If you find yourself having some of these same thoughts, Dr. Sabry found great success with coaching. A large percentage of executives of successful Fortune 500 companies have executive high-performance coaches. This is something just hitting the physician world recently. I know we covered a lot about coaching in the last couple of weeks with Alpha Coaching. Dr. Sabry is also a coach, and here is another witness to the benefits of coaching.

I hope that you found this conversation interesting and helpful, regardless of whether you would qualify to participate in a physician mom group. We also have a place for women to discuss issues faced by female high-income professionals in our Women’s Forum, so check that out today.

Transcription – WCI – 183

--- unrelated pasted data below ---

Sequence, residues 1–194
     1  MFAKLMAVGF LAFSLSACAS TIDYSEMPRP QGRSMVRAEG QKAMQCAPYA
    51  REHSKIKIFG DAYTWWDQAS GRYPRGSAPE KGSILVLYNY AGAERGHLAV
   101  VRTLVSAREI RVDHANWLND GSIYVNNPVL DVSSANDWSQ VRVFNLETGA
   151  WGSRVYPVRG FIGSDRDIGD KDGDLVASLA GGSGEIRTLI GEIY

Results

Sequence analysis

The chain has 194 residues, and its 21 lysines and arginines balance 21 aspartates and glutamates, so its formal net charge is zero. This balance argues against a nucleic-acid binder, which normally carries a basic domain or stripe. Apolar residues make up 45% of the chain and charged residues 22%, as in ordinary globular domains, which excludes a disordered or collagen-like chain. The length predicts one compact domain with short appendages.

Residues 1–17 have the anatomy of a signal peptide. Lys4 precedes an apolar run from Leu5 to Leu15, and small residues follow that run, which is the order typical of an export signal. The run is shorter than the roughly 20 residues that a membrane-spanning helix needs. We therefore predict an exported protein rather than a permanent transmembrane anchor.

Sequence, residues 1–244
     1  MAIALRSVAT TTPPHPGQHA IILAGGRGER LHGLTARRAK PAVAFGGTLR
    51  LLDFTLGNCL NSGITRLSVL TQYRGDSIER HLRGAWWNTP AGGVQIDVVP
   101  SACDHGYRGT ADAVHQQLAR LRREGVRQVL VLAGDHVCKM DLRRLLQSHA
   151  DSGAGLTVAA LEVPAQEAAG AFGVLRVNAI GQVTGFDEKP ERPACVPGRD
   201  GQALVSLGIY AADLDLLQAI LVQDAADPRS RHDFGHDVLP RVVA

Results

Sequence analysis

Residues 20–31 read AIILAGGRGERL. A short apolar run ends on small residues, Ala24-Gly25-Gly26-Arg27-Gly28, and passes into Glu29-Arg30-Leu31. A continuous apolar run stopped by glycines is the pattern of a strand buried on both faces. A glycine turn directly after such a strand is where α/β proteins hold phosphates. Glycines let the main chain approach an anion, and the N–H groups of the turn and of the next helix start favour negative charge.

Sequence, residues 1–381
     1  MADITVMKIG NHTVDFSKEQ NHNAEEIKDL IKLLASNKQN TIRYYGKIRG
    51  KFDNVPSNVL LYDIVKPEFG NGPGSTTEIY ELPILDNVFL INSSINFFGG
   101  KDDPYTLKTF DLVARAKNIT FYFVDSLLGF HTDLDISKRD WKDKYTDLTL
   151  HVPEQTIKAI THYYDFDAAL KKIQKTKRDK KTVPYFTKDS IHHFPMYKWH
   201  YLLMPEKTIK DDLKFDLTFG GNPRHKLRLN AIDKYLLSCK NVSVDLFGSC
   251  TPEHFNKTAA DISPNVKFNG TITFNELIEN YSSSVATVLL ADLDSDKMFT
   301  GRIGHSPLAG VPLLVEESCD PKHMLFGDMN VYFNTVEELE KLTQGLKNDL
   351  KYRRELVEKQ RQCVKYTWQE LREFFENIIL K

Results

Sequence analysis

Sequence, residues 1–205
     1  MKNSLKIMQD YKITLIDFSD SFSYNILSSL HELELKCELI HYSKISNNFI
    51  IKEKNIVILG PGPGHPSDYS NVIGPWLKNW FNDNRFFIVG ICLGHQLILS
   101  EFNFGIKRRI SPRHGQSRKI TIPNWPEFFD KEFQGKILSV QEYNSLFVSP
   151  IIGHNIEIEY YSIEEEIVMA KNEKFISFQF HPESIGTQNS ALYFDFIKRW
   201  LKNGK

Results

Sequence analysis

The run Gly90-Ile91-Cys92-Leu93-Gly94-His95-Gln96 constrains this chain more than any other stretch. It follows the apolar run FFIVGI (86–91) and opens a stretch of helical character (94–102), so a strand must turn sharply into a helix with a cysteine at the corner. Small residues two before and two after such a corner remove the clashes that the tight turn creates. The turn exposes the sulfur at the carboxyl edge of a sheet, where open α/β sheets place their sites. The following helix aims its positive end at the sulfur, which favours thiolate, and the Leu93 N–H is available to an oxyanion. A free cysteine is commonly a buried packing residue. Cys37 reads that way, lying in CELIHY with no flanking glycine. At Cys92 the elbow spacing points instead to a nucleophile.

Intro:
This is the White Coat Investor podcast where we help those who wear the white coat get a fair shake on Wall Street. We’ve been helping doctors and other high-income professionals stop doing dumb things with their money since 2011. Here’s your host, Dr. Jim Dahle.
Dr. Jim Dahle:

This is White Coat Investor podcast number 183 – Physician moms and their finances.
Dr. Jim Dahle:
Welcome back to the podcast. We’re recording this on October 22nd. It’s going to start running on November 5th. Hope things are going well for you in your neck of the woods. If you’re like most of us in the country, I think you’re seeing an awful lot of coronavirus right now. We’re actually seeing it in our yards, multiple patients a shift, which is kind of new for us here in Utah.
Dr. Jim Dahle: